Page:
In Views on Dulles Rail
I am pleased that Fairfax Board of Supervisors Chairman Gerald E. Connolly (D) showed his true colors in justifying the recent 67 percent increase in Dulles Toll Road tolls to finance the $1.5 billion extension of Metrorail to Wiehle Avenue in Reston ["Point for Point, County Needs Metro Extension," Fairfax Extra, June 2]. This is counter to what he is telling our members in e-mail messages, writing: "The State has chosen to fund its share of the project through higher tolls . . . and I share your dissatisfaction with this approach."
Mr. Connolly then says there will be only one more toll increase to finance the remainder of rail to Dulles, which would cost an extra $2.7 billion in tax dollars. How incorrect! According to the draft environmental impact statement, the project team said a 25 cent toll increase "every three years through 2015 would generate over $725 million in funding that could be available for the Dulles corridor rapid transit project. These projected toll increases would make the tolls for the Dulles Toll Road comparable to the rates currently charged on the Dulles Greenway."
Mr. Connolly also says Dulles rail "was never predicated on eliminating congestion" and that "no one ever argued that Metrorail costs less to construct than a mile of freeway lane."
This is patently false. For years, Mr. Connolly, Gov. Mark R. Warner (D), Rep. Frank R. Wolf (R-Va.) and other politicians have touted Dulles rail as a means to alleviate congestion.
As recently as June 2004, Mr. Connolly wrote that Dulles rail would "take 86,000 people off the roads" each day. In his June 2 piece, he wrote: "Without rail, an additional 91,000 people would be experiencing congestion in their cars."
In addition, Gov. Warner in July 2004 told a Tysons gathering: "We're moving out of the gate on this long-awaited and much-needed congestion relief for the region's commuters."
If these aren't implied promises of congestion relief, then what is?
Mr. Connolly also contends rail would not be 10 times more costly to build than a bus rapid transit system. Again, the cost of rail to Dulles is estimated at $4.2 billion, including $700 million in financing. The most expensive bus rapid transit system compared in the environmental study was $481 million. Hence, bus rapid transit is 10 times cheaper.
In his Fairfax Extra letter, the chairman was right that I got the numbers wrong on the subsidy for Wiehle rail.
However, according to the October 2002 draft environmental impact statement hearing report, for the full rail extension to Loudoun County in 2025, "The annual operating assistance is estimated at $111.1 million, of which Fairfax County's estimated contribution is $38.5 million."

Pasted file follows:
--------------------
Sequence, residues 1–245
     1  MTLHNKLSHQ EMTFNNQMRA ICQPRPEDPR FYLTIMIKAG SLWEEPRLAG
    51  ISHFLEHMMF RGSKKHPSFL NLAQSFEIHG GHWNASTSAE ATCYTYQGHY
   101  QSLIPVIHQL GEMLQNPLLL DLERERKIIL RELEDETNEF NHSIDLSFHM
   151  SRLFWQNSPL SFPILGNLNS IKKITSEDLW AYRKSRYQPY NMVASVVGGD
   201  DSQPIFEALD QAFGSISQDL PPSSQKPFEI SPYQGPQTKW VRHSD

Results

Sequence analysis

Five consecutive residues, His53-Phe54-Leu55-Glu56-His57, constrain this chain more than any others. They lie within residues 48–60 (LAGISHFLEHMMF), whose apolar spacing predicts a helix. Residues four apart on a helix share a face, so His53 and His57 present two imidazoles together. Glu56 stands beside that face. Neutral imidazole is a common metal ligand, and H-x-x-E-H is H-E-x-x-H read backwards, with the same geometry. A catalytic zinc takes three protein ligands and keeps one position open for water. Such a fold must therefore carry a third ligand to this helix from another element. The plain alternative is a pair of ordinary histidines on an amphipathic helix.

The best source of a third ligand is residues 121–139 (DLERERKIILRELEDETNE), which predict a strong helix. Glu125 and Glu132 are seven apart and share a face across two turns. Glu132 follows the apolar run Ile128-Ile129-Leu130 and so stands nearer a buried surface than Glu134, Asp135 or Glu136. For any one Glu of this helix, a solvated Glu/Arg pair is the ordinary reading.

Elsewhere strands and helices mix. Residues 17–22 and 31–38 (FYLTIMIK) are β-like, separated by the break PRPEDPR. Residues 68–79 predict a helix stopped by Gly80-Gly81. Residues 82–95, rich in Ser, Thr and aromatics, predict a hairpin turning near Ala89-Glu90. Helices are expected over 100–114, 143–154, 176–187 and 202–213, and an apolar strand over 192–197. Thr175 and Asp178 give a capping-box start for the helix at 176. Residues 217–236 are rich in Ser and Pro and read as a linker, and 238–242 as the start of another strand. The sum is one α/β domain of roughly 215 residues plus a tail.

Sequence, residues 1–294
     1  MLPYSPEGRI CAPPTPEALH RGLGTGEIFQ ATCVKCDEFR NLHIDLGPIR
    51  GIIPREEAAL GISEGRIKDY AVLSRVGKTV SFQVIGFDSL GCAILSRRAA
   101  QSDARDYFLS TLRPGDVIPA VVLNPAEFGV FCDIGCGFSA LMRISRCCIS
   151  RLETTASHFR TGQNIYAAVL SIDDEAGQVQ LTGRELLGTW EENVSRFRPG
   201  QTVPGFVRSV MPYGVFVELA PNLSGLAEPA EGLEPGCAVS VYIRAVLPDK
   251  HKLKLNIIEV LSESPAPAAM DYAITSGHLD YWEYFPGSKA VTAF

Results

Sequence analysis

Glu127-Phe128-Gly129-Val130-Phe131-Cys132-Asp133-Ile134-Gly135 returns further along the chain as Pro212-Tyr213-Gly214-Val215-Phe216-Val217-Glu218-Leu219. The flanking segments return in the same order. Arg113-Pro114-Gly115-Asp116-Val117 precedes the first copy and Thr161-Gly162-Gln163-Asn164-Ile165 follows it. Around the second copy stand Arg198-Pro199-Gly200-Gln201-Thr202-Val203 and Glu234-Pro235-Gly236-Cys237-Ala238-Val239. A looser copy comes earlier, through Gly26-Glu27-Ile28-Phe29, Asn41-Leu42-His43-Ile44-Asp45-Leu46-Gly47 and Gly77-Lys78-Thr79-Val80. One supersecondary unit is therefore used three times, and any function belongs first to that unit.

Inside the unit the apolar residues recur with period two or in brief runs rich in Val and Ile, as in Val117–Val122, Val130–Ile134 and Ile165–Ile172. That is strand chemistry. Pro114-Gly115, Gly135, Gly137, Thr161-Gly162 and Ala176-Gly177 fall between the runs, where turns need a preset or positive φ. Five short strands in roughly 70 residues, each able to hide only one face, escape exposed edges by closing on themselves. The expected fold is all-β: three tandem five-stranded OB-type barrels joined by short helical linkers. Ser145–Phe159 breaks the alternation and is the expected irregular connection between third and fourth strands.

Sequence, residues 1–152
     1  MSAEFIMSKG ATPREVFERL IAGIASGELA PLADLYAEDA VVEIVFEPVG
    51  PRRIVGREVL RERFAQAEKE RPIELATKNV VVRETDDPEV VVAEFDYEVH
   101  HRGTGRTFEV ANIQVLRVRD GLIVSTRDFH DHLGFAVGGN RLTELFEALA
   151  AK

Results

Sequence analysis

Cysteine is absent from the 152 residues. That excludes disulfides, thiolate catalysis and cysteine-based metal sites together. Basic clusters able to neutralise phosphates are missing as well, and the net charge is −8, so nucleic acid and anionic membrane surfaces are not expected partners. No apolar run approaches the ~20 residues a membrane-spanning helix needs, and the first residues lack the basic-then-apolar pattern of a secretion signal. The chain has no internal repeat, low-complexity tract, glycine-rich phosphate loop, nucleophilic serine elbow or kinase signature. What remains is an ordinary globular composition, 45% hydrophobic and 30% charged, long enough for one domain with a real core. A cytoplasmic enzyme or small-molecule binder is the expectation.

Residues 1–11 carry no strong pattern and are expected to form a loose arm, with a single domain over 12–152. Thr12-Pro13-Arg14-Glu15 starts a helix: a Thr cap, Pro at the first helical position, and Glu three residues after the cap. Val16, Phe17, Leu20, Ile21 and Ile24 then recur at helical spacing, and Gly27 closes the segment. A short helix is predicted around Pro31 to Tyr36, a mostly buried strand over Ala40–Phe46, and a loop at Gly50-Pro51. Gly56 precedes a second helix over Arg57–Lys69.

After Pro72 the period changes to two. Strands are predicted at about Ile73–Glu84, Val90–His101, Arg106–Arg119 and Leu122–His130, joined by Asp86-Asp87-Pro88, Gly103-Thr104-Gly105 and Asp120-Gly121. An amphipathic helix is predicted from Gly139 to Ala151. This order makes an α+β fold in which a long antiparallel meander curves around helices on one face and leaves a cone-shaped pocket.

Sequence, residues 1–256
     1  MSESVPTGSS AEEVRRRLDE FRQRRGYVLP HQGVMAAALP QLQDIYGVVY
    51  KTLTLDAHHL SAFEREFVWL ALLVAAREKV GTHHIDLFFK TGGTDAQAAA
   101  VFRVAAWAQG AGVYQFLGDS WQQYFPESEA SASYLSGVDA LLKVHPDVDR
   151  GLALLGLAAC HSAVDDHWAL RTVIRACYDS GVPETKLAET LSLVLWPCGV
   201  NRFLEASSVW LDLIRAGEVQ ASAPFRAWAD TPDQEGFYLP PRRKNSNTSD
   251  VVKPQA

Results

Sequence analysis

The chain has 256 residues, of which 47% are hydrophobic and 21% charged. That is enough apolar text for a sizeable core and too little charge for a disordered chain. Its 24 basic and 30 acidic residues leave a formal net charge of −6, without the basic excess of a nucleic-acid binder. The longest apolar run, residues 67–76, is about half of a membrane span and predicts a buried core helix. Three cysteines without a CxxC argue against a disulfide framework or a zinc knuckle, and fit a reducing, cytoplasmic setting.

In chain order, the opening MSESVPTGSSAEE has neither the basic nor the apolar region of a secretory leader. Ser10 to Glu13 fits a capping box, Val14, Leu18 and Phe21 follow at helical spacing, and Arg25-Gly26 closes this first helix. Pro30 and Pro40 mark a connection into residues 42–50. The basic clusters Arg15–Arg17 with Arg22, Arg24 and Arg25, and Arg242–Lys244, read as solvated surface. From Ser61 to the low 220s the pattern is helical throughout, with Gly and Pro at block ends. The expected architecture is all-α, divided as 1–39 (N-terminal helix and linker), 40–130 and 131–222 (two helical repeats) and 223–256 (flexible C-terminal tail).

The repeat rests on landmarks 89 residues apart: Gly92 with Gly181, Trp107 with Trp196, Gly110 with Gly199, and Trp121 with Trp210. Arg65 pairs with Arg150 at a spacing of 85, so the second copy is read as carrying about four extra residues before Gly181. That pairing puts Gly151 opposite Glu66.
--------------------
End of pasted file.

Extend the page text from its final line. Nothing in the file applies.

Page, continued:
But Dulles rail will end up with fewer riders than expected if history is any guide.
In the 1970s, Metro projected 1.3 million trips a day by 1990; the number was actually about 500,000. Each year, D.C., Maryland and Virginia subsidize Metro to the tune of $400 million in tax dollars. Mr. Connolly contends the D.C. area's "experience with Metro has uniformly been extremely positive in terms of economic returns for dollars invested in rail."
If anything, Metro has saddled us with billions in repairs and operating costs because officials have deferred maintenance in order to pay inflated wages to their unions. The Metro Matters campaign seeks to suck billions from us to keep the existing system afloat -- potentially through an increase in the sales tax -- and this is a system that provides for only 15 percent of commuter trips each day.
We also disagree on the true amount of use that Wiehle rail will get. The chairman says it will attract 62,800 daily trips in 2011, but I used the figure of 24,000 boardings. Again, whether we use "trips" or "boardings," the projections for Dulles rail, as with all rail proposals, are high-balled.
We also believe the 2002 study of rail vs. bus rapid transit was deliberately biased to show rail could attract more passengers than the bus proposals.
How interesting that the chairman's letter does not acknowledge the development impacts of Dulles rail. Because the line is funded about 25 percent by developers so they can get rezonings for higher-density development, rail could bring 100,000 more residents to Tysons Corner. If you don't think these new dwellers will be using cars and adding to the traffic mess on Leesburg Pike (Route 7), then you are quite mistaken.
For this reason alone, Fairfax residents must wake up and stop this "Great Train Robbery."
Reston and Leesburg
Banning Machete Sales
Won't Stop Gang Violence
I am writing in regard to the June 3 Metro story, "MS-13 Suspected in Attack; Youths With Machetes Wound Teenager in Springfield."
These types of attacks are becoming all too common in Fairfax, and I applaud your paper's efforts to report on them. I was appalled by the response of Supervisor T. Dana Kauffman (D-Lee), who proposed that the county lobby state legislators for restrictions on machete sales. "I find it abhorrent that you can buy a machete at a shopping mall," Kauffman said.
Does Supervisor Kauffman really believe that banning machete sales is a solution to the problem of violent crime by street gangs? No wonder the gang problem in Fairfax is growing.
We, the citizens of Fairfax, need to start forcing our representatives to take a machete to property taxes and empower the police to clear our neighborhoods of MS-13 and other street thugs.